Belgian MPs laud Rwanda’s ex-combatants reintegration

Belgian parliamentarians have commended Rwanda on efforts to reintegrate ex-combatants from the Democratic Forces for the Liberation of Rwanda (FDLR) militia into Rwandan communities.
One of Belgian MPs signs a visitor’s book after the tour in Mutobo. The New Times/ Jean Mbonyinshuti.
One of Belgian MPs signs a visitor’s book after the tour in Mutobo. The New Times/ Jean Mbonyinshuti.

Belgian parliamentarians have commended Rwanda on efforts to reintegrate ex-combatants from the Democratic Forces for the Liberation of Rwanda (FDLR) militia into Rwandan communities.

The MPs, who are on an official visit of the country, were commenting after their tour of Mutobo Demobilisation and Reintegration Centre in Northern Province. More than 11,000 ex-combatants, most of them from FDLR, have been reintegrated through the centre.

Most of the former combatants who shared experience with the delegation said they had been held captive by FDLR top leaders.

Francois Xavier de Donnea, the head of the delegation, said Rwanda has done enough to reintegrate former combatants and urged that DR Congo and  the international community to do their best to end the conflicts, especially in east of the country.

“I would recommend maintaining the reintegration momentum. We have learnt that most of FDLR members are in the Congo not because they are willing, but are forced to. Congolese authorities and the UN should do their best so FDLR members repatriate and are reintegrated,” de Donnea said.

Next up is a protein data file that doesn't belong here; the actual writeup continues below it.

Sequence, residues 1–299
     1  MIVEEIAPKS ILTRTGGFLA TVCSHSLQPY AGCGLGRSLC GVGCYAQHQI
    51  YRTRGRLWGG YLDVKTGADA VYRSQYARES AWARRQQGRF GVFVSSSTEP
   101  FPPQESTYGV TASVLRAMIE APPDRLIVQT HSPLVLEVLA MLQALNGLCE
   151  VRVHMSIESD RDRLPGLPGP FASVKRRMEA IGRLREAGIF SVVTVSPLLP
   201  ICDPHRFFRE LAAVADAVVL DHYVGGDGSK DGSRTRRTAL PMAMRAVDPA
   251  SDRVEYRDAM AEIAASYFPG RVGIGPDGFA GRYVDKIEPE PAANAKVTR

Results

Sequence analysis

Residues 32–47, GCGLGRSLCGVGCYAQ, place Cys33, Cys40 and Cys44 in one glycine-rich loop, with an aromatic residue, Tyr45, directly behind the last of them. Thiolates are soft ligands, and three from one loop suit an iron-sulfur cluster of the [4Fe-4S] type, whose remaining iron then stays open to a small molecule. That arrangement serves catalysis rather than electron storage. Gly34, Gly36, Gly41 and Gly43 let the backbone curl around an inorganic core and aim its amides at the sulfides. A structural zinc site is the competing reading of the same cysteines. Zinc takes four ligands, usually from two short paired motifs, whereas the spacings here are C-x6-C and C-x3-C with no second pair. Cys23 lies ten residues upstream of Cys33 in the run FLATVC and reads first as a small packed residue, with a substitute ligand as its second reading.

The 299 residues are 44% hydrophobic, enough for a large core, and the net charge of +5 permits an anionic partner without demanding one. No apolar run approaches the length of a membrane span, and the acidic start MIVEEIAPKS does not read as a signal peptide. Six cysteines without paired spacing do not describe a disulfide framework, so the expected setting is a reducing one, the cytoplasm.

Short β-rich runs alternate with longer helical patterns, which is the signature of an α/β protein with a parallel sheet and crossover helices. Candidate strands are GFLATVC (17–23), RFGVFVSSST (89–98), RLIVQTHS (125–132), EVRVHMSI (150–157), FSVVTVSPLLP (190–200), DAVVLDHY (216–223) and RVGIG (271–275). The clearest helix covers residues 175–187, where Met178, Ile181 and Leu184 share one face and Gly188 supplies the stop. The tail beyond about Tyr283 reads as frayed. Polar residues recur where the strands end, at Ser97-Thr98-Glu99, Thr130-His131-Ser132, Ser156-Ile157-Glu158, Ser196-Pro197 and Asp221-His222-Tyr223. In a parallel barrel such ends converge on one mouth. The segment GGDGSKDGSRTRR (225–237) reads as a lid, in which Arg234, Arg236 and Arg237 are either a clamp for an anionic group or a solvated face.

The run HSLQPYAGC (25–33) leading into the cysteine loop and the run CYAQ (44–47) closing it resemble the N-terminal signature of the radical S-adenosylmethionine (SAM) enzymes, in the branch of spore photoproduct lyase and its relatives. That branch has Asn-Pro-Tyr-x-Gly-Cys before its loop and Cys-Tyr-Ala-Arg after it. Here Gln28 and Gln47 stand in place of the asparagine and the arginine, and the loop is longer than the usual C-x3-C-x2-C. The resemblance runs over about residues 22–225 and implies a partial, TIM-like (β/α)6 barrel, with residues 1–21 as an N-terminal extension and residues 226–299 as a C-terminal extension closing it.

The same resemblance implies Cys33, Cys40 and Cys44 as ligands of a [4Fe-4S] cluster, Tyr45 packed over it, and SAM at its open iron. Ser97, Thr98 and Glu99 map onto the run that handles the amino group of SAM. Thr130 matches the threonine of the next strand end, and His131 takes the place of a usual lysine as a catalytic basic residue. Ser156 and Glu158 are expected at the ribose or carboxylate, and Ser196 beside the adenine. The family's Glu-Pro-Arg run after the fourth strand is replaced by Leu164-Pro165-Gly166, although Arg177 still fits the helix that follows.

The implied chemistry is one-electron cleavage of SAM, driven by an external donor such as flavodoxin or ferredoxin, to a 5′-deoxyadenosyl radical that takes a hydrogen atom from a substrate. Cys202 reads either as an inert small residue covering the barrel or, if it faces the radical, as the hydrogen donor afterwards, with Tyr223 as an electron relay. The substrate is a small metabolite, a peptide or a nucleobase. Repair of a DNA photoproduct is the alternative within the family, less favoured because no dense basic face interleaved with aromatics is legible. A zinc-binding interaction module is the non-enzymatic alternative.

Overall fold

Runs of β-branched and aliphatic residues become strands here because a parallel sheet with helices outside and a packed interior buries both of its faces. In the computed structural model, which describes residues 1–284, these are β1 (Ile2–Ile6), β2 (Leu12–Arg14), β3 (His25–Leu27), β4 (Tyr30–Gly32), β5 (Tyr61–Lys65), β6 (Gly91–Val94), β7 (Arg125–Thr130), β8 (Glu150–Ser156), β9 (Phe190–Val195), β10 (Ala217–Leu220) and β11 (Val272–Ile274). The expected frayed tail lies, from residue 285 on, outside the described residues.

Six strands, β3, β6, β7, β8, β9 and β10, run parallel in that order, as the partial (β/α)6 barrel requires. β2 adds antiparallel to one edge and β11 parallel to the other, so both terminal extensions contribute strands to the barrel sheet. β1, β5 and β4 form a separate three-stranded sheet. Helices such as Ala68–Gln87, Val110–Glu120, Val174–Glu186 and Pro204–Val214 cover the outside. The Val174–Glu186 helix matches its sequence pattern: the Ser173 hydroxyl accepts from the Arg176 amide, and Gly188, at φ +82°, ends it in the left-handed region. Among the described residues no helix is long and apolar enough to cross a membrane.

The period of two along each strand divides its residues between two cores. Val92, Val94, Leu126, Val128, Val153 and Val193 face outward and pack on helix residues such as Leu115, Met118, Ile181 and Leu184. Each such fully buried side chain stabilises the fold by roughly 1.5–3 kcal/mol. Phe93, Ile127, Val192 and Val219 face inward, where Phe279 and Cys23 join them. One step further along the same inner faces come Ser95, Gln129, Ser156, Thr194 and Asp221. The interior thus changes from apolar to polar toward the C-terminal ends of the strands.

Dr Jean Damascène Bizimana, the chairperson of the senatorial standing committee on Foreign Affairs, Cooperation and Security, said the delegation was invited by the Senate to discuss bilateral ties.

“They came here to witness how former combatants are received and trained before they are reintegrated in the community,” he said, adding that it was equally important that the European lawmakers get firsthand account on what keeps most of the militia in the Congo jungles.

“Many lies were told to us about Rwanda, that it was not a peaceful country. We lived as slaves until we got an opportunity to escape their (FDLR’s) grip and some of us left relatives there,” said Thomas Ndagijimana, who had lived in DR Congo since 1994.

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